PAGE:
Growing concerns over indoor parties as COVID infects more young people

The details are still under investigation, but the outcome is raising alarms. Borough of Cresskill spokesperson Bill Maer says at least 20 teens may have tested positive for the coronavirus after a series of parties, including a prom party for Creskill High School students at the Alpine Country Club.

“They weren’t wearing masks, they weren’t appropriately social distancing, and there was probably too many individuals in one indoor space,” Maer said. “Not sanctioned by the township or the Cresskill school board […] that was the beginning of a lot of the issues.”

Borough of Cresskill’s Office of Emergency Management says the house parties in town and the lack of social distancing at them “[…] may be related to an outbreak of COVID-19 in our community.”

New Jersey Department of Health Commissioner Judith Persichilli says she is concerned about the continuing increase of cases in 18 to 29 year olds. For the first three weeks of July, the percentage of cases among the age group was 24% to 33%, up from 12% in April.

“There’s this idea people who are these younger adults are less susceptible to this virus. They are just as likely to get the disease; it’s the likelihood of death that’s different. And I think that that messaging is a little bit challenging when we’re trying to get young people to behave in a way where they have to risk, not only to themselves, but to the people that they are around,” said Epidemiologist and Montclair State University professor Stephanie Silvera.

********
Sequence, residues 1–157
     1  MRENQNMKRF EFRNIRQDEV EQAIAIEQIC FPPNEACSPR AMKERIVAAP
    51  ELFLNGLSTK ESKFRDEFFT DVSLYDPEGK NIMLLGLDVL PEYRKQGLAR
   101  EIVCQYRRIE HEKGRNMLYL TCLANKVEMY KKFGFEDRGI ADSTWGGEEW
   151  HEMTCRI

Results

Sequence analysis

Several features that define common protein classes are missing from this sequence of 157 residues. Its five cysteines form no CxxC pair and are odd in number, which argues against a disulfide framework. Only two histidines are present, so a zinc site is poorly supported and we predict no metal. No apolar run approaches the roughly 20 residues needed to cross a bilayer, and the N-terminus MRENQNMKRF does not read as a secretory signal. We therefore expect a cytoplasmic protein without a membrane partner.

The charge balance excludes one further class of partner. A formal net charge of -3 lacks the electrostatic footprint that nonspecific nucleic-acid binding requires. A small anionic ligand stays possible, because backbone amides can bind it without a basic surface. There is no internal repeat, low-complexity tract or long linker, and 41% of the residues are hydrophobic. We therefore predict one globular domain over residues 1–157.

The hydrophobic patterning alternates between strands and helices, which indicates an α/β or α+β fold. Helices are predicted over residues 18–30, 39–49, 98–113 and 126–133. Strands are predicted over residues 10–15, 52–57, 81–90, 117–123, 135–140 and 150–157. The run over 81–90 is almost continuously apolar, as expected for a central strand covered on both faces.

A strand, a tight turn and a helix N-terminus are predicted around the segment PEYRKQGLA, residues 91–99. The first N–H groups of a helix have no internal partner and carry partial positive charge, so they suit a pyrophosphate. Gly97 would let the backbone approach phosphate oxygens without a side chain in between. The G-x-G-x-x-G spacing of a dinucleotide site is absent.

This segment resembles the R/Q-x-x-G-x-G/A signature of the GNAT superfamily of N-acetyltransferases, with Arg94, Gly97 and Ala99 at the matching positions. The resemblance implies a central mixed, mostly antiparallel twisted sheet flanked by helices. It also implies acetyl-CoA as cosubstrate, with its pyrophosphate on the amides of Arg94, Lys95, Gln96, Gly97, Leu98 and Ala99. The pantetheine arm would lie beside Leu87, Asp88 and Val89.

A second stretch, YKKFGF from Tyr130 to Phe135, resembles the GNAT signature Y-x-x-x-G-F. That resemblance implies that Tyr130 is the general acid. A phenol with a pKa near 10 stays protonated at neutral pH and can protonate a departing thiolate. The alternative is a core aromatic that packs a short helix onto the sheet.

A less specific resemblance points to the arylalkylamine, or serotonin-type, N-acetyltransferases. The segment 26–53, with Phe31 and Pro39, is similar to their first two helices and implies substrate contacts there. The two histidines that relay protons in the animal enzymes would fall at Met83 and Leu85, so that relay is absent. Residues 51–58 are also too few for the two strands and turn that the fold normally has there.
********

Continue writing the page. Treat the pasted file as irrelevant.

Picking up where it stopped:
This week the state launched a campaign called “For Each Other, For Us All” to promote testing and contact tracing awareness. Persichilli says part of it will focus on younger people because of their “risky behaviors.”

“They may affect their parents, grandparents, aunts and uncles. We need them to get tested and participate in contact tracing to protect the health of our state,” Persichilli said at Wednesday’s coronavirus press briefing.

Silvera says it’s also important to remember that some people who get the virus, including those between the ages of 18 to 29, show signs of long-term impact even after they’ve beaten the virus.

“While they might not severe illness right now due to COVID, we don’t know long term what impact that’s going to have on their respiratory system, their cardiovascular system and so on,” Silvera said.

Monday Gov. Phil Murphy highlighted the uptick in the state’s rate of transmission, which he attributes in part to indoor house parties statewide.

“I refer to the parties, among other places, in Middletown which has led to nearly 60 cases among teens, as well as those on Long Beach which led to nearly three dozen cases among lifeguards at Harvey Cedars in Surf City, and there have been other,” Murphy said. “And with the hot and humid weather that we’ve been experiencing, we know there have been many more indoor parties taking place that have not made the news. We can not be any clearer that indoor gatherings — especially large, crowded ones where social distancing isn’t practiced and face masks are not worn — they just are not safe.”

As a result, Murphy has tightened indoor gathering numbers from a 100 person maximum to 25, with the exception of weddings, funerals, memorial services, and religious and political activities.